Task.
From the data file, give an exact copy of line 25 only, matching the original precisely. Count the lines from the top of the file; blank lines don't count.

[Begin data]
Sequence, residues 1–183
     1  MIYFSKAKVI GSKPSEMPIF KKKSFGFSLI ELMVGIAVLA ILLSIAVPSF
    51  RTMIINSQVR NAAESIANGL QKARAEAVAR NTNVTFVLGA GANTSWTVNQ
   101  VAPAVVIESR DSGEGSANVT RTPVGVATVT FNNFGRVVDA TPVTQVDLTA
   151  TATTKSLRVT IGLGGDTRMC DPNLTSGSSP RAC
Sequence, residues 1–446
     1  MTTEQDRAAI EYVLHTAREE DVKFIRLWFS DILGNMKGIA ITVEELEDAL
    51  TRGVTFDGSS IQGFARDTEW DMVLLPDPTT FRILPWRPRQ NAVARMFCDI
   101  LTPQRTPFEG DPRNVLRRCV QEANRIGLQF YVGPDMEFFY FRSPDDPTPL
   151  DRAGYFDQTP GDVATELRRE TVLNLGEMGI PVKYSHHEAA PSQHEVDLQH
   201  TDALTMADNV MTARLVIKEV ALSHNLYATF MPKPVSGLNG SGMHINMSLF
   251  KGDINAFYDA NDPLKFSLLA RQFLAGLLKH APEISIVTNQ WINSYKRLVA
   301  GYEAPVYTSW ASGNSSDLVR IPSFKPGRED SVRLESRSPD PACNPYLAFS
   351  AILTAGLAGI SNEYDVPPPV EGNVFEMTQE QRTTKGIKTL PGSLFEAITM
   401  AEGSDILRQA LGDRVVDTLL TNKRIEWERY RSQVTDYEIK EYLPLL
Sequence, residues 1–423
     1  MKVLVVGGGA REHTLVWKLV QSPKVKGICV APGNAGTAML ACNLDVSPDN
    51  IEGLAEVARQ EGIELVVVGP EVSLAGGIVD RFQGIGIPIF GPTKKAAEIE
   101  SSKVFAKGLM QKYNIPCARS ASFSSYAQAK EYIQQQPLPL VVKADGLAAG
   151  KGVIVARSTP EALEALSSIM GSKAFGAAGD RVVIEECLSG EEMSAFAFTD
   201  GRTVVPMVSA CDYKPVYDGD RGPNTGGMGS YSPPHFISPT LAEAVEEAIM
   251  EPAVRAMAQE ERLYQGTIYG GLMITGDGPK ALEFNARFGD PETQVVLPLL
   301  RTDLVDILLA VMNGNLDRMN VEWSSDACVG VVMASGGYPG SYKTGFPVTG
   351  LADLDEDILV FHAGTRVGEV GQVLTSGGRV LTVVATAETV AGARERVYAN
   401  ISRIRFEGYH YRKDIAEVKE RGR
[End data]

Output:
   401  ISRIRFEGYH YRKDIAEVKE RGR